Student Loan Debt: The dormant financial crisis now awakens
A revolt is growing as more people refuse to pay back student loans.
Remember those 15 people who refused to repay their federal student loans? Their debt strike has picked up 85 more disgruntled borrowers willing to jeopardize their financial future to pressure the government into forgiving their student loans.
And the government is starting to listen. The Consumer Financial Protection Bureau has invited the group to Washington on Tuesday to discuss their demand for debt cancellation. Although the CFPB doesn't have the power to grant that request, the agency's overture shows that the strike is being taken seriously./p>
It's been a month since 15 former students of the failing for-profit giant Corinthian Colleges said they would not pay a dime of their student loans because the school broke the law.
Corinthian, which runs Everest Institute, Wyotech and Heald College, has become the poster child for the worst practices in the for-profit education sector, including high loan defaults and dubious programs. Clouded by allegations of deceptive marketing and lying to the government about its graduation rates, Corinthian lost its access to federal funds last year, forcing the company to sell or close its schools.
In the aftermath, current and former students of the for-profit schools have called on the Education Department to wipe away debt they say Corinthian pressured them into taking. After months of pleading with the department to forgive the federal loans, the students teamed with an offshoot of the Occupy Wall Street movement known as the Debt Collective. Together, they came up with the idea for the strike.
It's a dicey move because students who default can lose their paychecks, tax refunds or even a portion of their Social Security. Not paying back debt can also ruin someone's credit, making it difficult to buy a house or car, or to get a job.
Even the rich and famous still have student loan debt.
Whiplash star Miles Teller made headlines this week when he told New York Magazine's entertainment site, Vulture, that he still hasn't paid off his student loans, despite starring in blockbuster films like Fantastic Four.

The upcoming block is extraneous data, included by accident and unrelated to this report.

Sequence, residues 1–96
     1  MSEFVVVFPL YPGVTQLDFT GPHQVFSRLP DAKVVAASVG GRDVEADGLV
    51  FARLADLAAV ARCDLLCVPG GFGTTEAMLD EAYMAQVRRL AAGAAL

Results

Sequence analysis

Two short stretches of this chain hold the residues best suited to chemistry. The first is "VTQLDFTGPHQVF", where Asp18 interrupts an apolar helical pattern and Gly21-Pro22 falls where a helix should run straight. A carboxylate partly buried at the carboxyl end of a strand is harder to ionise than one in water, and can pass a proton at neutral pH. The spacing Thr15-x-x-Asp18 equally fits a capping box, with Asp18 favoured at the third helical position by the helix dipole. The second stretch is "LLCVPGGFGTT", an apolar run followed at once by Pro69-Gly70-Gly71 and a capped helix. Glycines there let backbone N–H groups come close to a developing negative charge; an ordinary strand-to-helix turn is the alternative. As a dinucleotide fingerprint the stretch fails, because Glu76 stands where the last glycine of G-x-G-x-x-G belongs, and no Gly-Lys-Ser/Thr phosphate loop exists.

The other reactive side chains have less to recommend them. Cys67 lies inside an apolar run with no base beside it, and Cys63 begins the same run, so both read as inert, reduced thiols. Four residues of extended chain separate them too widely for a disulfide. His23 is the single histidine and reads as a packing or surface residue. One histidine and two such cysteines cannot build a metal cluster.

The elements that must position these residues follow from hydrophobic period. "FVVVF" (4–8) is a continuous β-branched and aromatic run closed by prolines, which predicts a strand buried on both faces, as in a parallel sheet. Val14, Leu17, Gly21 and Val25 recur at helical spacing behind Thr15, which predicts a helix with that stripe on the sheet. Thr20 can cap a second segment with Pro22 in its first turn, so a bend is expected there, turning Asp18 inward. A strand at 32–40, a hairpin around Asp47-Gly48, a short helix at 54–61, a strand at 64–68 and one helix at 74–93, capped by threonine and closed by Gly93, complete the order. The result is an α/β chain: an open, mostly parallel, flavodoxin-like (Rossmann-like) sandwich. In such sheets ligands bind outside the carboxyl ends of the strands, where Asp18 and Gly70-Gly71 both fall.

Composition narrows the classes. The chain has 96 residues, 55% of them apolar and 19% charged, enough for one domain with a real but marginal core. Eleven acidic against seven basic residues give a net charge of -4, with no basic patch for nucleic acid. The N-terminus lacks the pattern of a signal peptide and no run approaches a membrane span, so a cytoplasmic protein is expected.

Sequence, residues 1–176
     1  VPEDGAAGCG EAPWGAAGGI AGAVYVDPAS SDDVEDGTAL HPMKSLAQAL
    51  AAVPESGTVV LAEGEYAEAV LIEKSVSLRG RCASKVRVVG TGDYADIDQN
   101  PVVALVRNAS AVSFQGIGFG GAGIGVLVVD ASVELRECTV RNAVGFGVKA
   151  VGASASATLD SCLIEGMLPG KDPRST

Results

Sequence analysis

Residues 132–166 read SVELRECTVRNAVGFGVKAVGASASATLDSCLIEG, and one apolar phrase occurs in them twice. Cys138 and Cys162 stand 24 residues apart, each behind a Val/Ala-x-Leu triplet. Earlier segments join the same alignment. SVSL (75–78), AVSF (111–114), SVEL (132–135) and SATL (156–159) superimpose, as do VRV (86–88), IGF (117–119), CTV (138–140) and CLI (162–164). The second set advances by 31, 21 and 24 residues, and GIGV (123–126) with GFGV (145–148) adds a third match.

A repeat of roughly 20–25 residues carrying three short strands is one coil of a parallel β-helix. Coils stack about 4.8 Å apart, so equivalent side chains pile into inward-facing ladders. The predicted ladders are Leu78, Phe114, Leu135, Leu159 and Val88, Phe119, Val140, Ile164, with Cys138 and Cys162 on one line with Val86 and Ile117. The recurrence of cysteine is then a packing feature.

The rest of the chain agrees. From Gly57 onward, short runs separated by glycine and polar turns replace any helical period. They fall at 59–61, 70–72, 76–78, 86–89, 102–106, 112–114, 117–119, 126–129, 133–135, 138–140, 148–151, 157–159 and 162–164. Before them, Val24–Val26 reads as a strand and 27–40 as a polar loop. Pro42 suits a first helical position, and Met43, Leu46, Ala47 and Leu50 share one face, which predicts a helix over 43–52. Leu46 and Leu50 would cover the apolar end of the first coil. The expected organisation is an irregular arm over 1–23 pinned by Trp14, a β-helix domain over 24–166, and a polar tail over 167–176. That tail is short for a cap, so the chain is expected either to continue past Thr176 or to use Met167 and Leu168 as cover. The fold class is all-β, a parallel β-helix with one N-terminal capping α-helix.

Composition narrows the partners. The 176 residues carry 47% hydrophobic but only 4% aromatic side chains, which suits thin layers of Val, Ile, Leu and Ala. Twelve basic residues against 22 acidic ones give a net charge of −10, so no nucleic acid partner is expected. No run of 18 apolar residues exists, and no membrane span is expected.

And when Texas Senator Ted Cruz introduced himself to voters as a presidential candidate Monday, he included a nod to the $100,000 in student loans that he said he recently paid off. He follows in the footsteps of President Barack Obama, who told an audience of college students during his 2012 reelection campaign that he and Michelle Obama had only finished paying off their student loans eight years before.
This new generation of public figures is more likely to be personally touched by student debt than their predecessors so it's likely to come up more often, Williams said.
There was a shame attached to debt that made people more hesitant to talk about it, Williams said. Now the shame has gone away because people have realized almost everybody has debt.
Surprises behind the student debt crisis
In a new report titled, Why Student Loans Are Different, the New America Foundation looked at the problem on a more intimate level by talking with individual borrowers who gathered in focus groups across the country.
Much of what the conversations uncovered was surprising. Here are five findings:
- Delay in payment: It's easy to delay payment. Many borrowers said they heard through their loan servicers that they could simply delay paying their federal student loans for months or even years, and so they did. Some said they learned about the ability to temporarily suspend payments from unexpected sources such as mortgage brokers and the IRS. It can take just a phone call to suspend a loan.
- Less Compensation: The minimal hurdles for delaying payments, the report said, seem to enable borrowers to push student loans down on their list of bills to pay.
- Interest increases debt load: Extending debt payments adds to the load. While it's relatively easy to suspend payments, what the borrowers often didn't realize is that the interest on their loans continued to accrue, which made the eventual debt load even worse.
- Low payment is not a benefit: Choosing to repay the student loans well beyond the standard 10-year period also added to their debt obligations. Most borrowers said the ability to stretch out the payments for decades with lower monthly payments did not seem like a benefit.
- Incorrect reporting: Borrowers in these situations expressed feelings of hopelessness. These feeling were particularly pronounced for the borrowers who said their loan balances grew even though they were making monthly payments, the report said.